In October, 1832, he was residing in Lincoln County, N. C., aged 73 years and stated that he enlisted in May, 1778, under Capt. Gooden in the Fourth North Carolina Regiment commanded by Col. Archibald Lyttle, a part of the time was orderly sergeant and the balance Quarter Master Sergeant, the term of his service to be 9 months after arriving at the place of rendezvous at Bladensburg in Maryland. They assembled at Charlotte, Mecklenburg County, N. C., where he then lived, from thence marched to near Virginia, receiving recruits from the other Counties. The field officers on this march were Colonel Wm. L. Davidson, Major William Polk and Henry Dickson. Capt. Smith Harris and others were all assembled in Caswell County at a place called Moore’s Creek. At this place received the news of the battle at Monmouth, N. J., (June 28th, 1778) and that the British had gone to New York City, and as their services were not wanted at the North, the men became uneasy that the time of their service had not commenced and it was uncertain when it would. A meeting took place which with some difficulty was suppressed. Some officers broke their swords and some soldiers were crippled. “It was afterwards proposed to such of the soldiers as would accept, to take furloughs of which Graham was one,” and he went home to Mecklenburg some time in August. On the 5th November following he was called into the service under General Rutherford (Brigade of Militia) for 5 months, in Col. Lyttle’s Regiment. At the “10-mileen masseand he joined them. From his experience in military duties, he was appointed Adjutant of the Mecklenburg County Militia. The County being on the frontier, with no other force to protect it, a part of that regiment, and sometimes the whole, was retained most of the summer. The foot under General Wm. L. Davidson south-east of Charlotte, the Horse under Colonel Davie, in detachments, patrolled the country as far as Waco and adjoining Counties in the west that were disaffected. On the 25th of September it was reported that the British Army were on the March from Camden, which caused General Davidson to immediately march with his command towards Salisbury and ordering Graham to join Colonel Davie at Charlotte, where he should take command of such inhabitants as the alarm should bring together,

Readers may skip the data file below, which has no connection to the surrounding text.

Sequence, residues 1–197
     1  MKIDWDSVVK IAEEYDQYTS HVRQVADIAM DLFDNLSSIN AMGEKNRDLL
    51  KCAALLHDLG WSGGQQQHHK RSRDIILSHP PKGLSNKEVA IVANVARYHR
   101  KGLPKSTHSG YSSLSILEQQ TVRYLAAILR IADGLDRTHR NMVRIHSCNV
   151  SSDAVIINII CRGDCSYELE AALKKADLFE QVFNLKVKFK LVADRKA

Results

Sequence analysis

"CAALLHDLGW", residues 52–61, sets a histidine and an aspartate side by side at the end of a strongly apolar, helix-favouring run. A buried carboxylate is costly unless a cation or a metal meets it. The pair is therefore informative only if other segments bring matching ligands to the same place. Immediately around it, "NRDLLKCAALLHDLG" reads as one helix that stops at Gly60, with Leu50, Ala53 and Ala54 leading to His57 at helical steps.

As General Greenne was soon expecting the British to advance in force, arrangements were adopted to raise men to oppose them, and Graham engaged upwards of 50 in two or three weeks, but the principal difficulty was to procure arms, though generally they had rifles and nearly half the swords for the cavalry were made by Blacksmiths and suspended higher up on the body than the later practice, in order to avoid entangling with the limbs when acting as foot soldiers.
After Tarleton’s defeat January 17th, 1781, (At Cowpens, S. C.) the enemy in pursuit of General Morgan came to Cowan’s Ford on the Catawba River, February 1st, 1781, and in the conflict there two of Graham’s Company were killed (As well as General Davidson) and it was the only Company that left the battle ground in order and covered the retreat at the same time. On the 7th of February his Company while hanging on the rear of the British, had a conflict with them, on their march from Shallow Ford, on the Yadkin to Salem, in which they were routed. His Company lost one killed and took five prisoners. After this the N. C. Militia were placed under the command of General Andrew Pickenns of S. C., and Graham’s Company, with others, under Colonel Joseph Dickson, crossed Haw River, were detached by General Pickens in the evening with part of his Company and forty-five riflemen from Rowan and marched in the night of the 17th and at light the next morning, surprised, killed and took prisoners, a guard of an officer, with his 26 men, at Hart’s Mill 1 and 1-2 miles from Hillsboro, where the British army was in camp. The evening of the same day formed a junction with Col. Lee’s Legion and a day or two after this Tarleton with his legion set out over Haw River to join Colonel or Dr. Piles with Pickens and Lee after him, including Graham’s Company, and all the militia, equipped as dragoons, were placed under Lee in rear of his dragoons.